How to get rid of the dummy (pacifier) | Babysense
Category_Advice & Tips>Baby>Ages & Stages>3-6 Months

How to get rid of the dummy (pacifier)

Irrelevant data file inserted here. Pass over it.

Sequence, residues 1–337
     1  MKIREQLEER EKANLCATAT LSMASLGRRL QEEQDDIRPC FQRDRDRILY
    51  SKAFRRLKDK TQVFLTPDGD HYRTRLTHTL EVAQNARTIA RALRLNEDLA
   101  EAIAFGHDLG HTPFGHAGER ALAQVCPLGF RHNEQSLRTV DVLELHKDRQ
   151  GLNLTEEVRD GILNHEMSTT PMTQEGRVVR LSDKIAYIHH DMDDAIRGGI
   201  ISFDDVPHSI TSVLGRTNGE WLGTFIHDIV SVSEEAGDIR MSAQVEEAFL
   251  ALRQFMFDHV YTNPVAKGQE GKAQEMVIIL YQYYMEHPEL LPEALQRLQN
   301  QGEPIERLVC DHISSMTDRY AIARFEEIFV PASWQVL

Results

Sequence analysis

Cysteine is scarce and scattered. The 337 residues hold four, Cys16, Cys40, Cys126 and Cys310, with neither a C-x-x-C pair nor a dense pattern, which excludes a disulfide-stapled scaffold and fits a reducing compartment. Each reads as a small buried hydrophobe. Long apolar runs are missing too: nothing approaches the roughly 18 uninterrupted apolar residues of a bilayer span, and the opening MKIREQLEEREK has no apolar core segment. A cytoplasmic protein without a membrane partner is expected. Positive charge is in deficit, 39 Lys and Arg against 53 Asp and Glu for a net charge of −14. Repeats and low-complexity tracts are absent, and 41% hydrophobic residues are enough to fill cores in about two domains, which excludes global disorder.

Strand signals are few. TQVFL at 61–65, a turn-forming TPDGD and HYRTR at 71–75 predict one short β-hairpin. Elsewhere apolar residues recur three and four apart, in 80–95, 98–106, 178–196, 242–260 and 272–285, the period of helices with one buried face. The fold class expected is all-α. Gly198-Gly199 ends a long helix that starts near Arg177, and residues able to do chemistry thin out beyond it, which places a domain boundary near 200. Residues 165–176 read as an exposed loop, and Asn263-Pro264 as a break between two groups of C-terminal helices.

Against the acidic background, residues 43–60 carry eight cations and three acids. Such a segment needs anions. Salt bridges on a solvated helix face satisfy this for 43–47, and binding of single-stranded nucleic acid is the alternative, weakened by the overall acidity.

Soothing a new baby can be a real challenge and if you are confronted with an unsettled little one, you will be looking for any tool to help you calm your baby. One of the tools available to us is a dummy or pacifier and although there is a heated debates on the merits of having or not having a dummy, for many parents it becomes a sanity saver. The reason that many of us swear by dummies (pacifier, binkies and soothers) is that many babies simply sooth best when sucking. This is true from a physiological perspective. Your baby’s mouth has more touch receptors than any other part of the body in the early days. For this reason, even in utero, babies derive great pleasure from sucking. In the womb, your baby may have sucked his hand, umbilical cord or simply sucked and swallowed the amniotic fluid. Once born, almost all babies love to suck and use their mouths to settle. There are really only three options you can offer your baby to suck on Their hand or thumb; Your nipple or a bottle; Simply a dummy (pacifier). Although some parents have the preconceived idea before birth that their baby will not have a dummy, suck their thumb or be fed to sooth, they usually find themselves caught short and urgently looking for a solution to help their fussy little one settle. In the early days many babies are unsettled and colicky. Some babies have reflux and/or mild lactose intolerance. All these babies really do benefit from non- nutritive sucking – e.g. sucking a dummy. This non-nutritive sucking is invaluable in those long niggly hours. Even older babies and toddlers may need to suck when tired and irritable. The big question is at what age and how can you ditch the dummy? There are two ages when you can relatively easily get rid of the dummy: If you have a settled little one who is not too irritable and is a good sleeper, you can get rid of the dummy at or before 6 months of age. At this time, you are certainly through the worst of the unsettledness and a dummy may not be necessary any more. For other slightly more needy little ones, a dummy is useful well into the toddler years. There is nothing wrong with this choice but toddler with a dummy does need to be managed slightly differently to younger babies. Getting rid of a dummy at or before 6 months At around 3 to 4 months of age, even the fussiest babies begin to settle significantly. If your baby is settled, only fusses briefly when hungry and is a good sleeper, this is a good time to ‘ditch the dummy’. It is also an easy age to get rid of any habits, as they really are not very firmly entrenched. To get rid of a dummy at this age, stop offering it at all during awake times and only offer the dummy just as your baby falls asleep for four days. Once he is a sleep, take the dummy from his mouth and do not offer it again at all at night. If your baby wakes and is unsettled at night and more than 5 hours have passed since a feed, feed him - don’t dummy him. During this time, encourage a different sleeper soother – such as a teddy or Taglet blanky. This will become your baby’s tool to fall asleep. Once this is set up, it is time to go cold turkey and loose the dummy altogether. You may find a few days of unsettled behaviour at sleep time but continue to encourage the ‘doodoo’ blanky or teddy as the tool to fall asleep. Managing and getting rid of a dummy in the toddler years There is nothing wrong with a toddler sucking a dummy, as long as it is done around sleep time and your toddler does not walk around with his dummy in his mouth all day. The main reason for this is that walking around with a dummy in his mouth all day is just not a pretty sight. In addition, some people do feel that dummies can affect speech and the pronunciation of some sounds. The fact is that most toddlers remove their dummies when speaking and so it should not hold them back but nonetheless, if your toddler is still using a dummy, I encourage you to only let him use it at bedtime. To ditch the dummy in the toddler years, follow these three steps: Only let him use the dummy in or around his bed. Even if he is really miserable, your toddler should have to go to his room if he needs a ‘quick suck’. Connect the dummy to his pillow with a dummy clip and create a boundary of dummy in bed only. Once he has accepted this and you have decided it is time to ditch the dummy, tell your toddler a story about his dummies – a story that revolves around something that simply needs the dummy more than he does. A great idea is to take him to a zoo and show him a tiny baby animal. Preferably an animal that makes a noise (we used a hyena). Tell your toddler that the animal’s baby really needs a dummy. Over the course of the next few days broach the idea that ‘it is time to give your dummies to the baby animal’. The offer a reward. Yip – good ol’ bribery! On the set date, take your toddler to the zoo or where ever it is and offer up the dummies. That night a reward – preferably of a soft toy animal similar to the animal he gave his dummies to will complete the story. Thereafter, a few nights of unsettledness may ensue. Use loads of love and a bit of water in a bottle to suck on if he is distressed. While ditching the dummy is not the easiest part of being a parent, neither is it rocket science. Hang in there and stick with calm, caring consistency for a few days. By Meg Faure